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LA Monitor

Manhattan Project Park committee reviews progress

By Arin McKenna
Wednesday, January 20, 2016 at 10:08 am

The Manhattan Project National Historical Park (MPNHP) Committee has been quietly meeting behind the scenes for months, looking at how Los Alamos can prepare for having a new national park within its boundaries.

Three subcommittees on transportation, signage and amenities/attractions presented their reports last week.

“Our major issue has been, how many cars, and the need for parking,” said County Councilor David Izraelevitz, who chairs the transportation committee.

The subcommittee is using traffic counts for peak visitation periods such as ScienceFest and Balloon Fiesta to help in developing a plan.

Project Manager/Assistant to the County Manager Linda Matteson noted that the committee has also been looking at issues with Bathtub Row. The Historical Society (LAHS) will be opening Hans Bethe House as a Cold War Museum late this year.

The committee supports the LAHS plan to make a pedestrian loop that runs from the back door of the Los Alamos Historical Museum to Bathtub Row. That route avoids the street and actually leads to the front of the houses.

Public Works Director Philo Shelton is also looking into making Bathtub Row a pedestrian zone, which would reduce the speed limit to 20 miles an hour. Other options discussed include blocking off the street or making it one-way.

The subcommittee has also discussed RV parking, and has asked that an option for that be included in design planning for DP Road.

The signage subcommittee is looking at how to develop wayfinding that will not only direct visitors to retail establishments and local attractions, but how to develop an overarching design theme. They were impressed with a presentation by a signage consultant.

“As much as this town freaks out whenever we hire a consultant, there’s a reason, and I don’t want to do this for the first time out in this town,” subcommittee Chair/County Councilor Kristin Henderson said. “I’d rather have somebody who’s done it before advise us, especially considering how important it is to the economic development of this town.”
The consultant recommended signage that could be placed throughout the state, at the outskirts of town and within Los Alamos itself that would “evolve” as it became more specific, but share a graphic theme that would help visitors know at a glance they are on course.

MPNHP Committee member David Jolly asked whether there would be a budget for such things as signage or hiring a consultant.

“We’ll need money to get to the next level,” Jolly said.

Councilor James Chrobocinski, who also sits on the committee, said that would have to be addressed as the need arose but that council is interested in supporting the park.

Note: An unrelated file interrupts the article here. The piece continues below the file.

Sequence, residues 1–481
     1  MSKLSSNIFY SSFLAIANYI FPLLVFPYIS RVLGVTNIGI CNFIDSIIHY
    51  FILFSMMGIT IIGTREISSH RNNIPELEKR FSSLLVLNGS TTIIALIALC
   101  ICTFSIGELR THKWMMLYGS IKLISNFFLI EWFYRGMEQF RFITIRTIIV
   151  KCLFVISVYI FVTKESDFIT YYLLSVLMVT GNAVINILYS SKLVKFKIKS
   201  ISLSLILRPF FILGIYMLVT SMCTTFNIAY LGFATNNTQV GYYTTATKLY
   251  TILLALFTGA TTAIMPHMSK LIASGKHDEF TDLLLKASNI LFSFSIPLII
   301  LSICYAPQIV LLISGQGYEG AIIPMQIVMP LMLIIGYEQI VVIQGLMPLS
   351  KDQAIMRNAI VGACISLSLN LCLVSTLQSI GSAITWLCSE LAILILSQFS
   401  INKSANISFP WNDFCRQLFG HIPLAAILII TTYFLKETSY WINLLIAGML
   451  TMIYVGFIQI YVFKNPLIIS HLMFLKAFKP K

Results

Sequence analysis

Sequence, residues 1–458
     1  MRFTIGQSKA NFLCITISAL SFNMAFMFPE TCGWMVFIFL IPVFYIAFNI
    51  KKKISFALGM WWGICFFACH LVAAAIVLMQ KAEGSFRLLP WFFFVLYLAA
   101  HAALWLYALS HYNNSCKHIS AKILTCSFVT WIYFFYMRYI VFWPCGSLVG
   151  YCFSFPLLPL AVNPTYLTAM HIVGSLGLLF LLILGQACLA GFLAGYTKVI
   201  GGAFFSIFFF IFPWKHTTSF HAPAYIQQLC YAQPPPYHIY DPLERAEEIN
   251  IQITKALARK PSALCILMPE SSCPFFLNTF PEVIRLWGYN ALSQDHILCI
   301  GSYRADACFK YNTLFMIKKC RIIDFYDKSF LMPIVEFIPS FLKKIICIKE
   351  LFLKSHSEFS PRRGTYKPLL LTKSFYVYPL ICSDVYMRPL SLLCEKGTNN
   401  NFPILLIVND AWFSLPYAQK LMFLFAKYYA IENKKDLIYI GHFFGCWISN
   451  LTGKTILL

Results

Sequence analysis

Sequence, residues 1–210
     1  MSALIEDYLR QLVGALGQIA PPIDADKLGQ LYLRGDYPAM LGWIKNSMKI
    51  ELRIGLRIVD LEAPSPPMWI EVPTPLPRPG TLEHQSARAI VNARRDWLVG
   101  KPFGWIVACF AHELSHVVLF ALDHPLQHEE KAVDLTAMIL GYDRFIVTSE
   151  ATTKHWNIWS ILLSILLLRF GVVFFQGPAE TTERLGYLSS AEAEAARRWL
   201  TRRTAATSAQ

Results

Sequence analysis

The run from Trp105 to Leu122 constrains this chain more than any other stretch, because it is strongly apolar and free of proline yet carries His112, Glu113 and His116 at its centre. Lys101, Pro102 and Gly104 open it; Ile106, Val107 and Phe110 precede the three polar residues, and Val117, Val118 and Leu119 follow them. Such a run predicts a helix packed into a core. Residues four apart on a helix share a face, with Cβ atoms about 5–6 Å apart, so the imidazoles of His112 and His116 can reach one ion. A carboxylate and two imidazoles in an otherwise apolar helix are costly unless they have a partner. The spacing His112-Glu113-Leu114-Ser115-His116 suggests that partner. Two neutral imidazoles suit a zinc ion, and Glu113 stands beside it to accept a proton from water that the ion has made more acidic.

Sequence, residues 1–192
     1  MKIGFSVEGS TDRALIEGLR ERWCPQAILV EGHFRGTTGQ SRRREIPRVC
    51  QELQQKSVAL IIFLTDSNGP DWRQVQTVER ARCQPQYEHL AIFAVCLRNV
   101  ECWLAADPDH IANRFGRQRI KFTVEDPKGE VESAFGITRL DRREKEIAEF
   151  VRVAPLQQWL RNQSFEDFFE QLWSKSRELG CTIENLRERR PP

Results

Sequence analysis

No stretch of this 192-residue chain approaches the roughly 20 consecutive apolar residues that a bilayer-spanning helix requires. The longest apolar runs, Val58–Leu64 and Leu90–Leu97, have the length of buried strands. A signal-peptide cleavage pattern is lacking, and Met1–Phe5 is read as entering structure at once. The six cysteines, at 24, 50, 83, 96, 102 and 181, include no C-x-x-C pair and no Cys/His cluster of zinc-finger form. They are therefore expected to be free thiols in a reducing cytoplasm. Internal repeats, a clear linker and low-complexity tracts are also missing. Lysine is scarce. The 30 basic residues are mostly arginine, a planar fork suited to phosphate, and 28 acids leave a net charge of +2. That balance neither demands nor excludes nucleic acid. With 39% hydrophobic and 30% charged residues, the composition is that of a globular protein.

Matteson is to present any funding requests to County Manager Harry Burgess for budget consideration. Committee members suggested that other funding sources may be available as well, such as New Mexico Department of Tourism grants.

Jolly asked if the committee should ask the consultant to present a proposal. Henderson responded that it may be premature, until decisions about such things as transportation, parking and which attractions will be included define the scope of the signage plan.

County Communications Specialist II Leslie Bucklin announced that Atomic City Transit’s new transit guide – which will publish shortly – now has additional visitor wayfinding information.

Izraelevitz also asked for a way to insure that signage could be updated quickly to reflect changing conditions.

Chrobocinski, who chairs the attractions/amenities subcommittee, stressed, “We do want to make sure that we’re promoting what all there is to do in Los Alamos, in addition to just the park. We want to make this a benefit for all the businesses in town.”

One issue the committee has focused on is how to make use of the Kiwanis Park at the entrance to Los Alamos.

“We feel it should be a place that is a quick stop, where you stop and use the bathroom and find out where to go,” Chrobocinski said. “It should be pointing you into town. We don’t want people to get stuck there. We want them in town where the businesses are.”

The subcommittee is leaning toward recommending a kiosk with maps, information and Quick Response (QR) Codes directing tourists to the visitor center. They have also discussed ways to upgrade the park’s amenities, such as making the temporary reproduction of the Manhattan Project gatehouse permanent and creating temporary (not overnight) RV parking.

The MPNHP committee’s next meeting is at noon Feb. 23 in room 330 at the municipal building. All meetings are open to the public.


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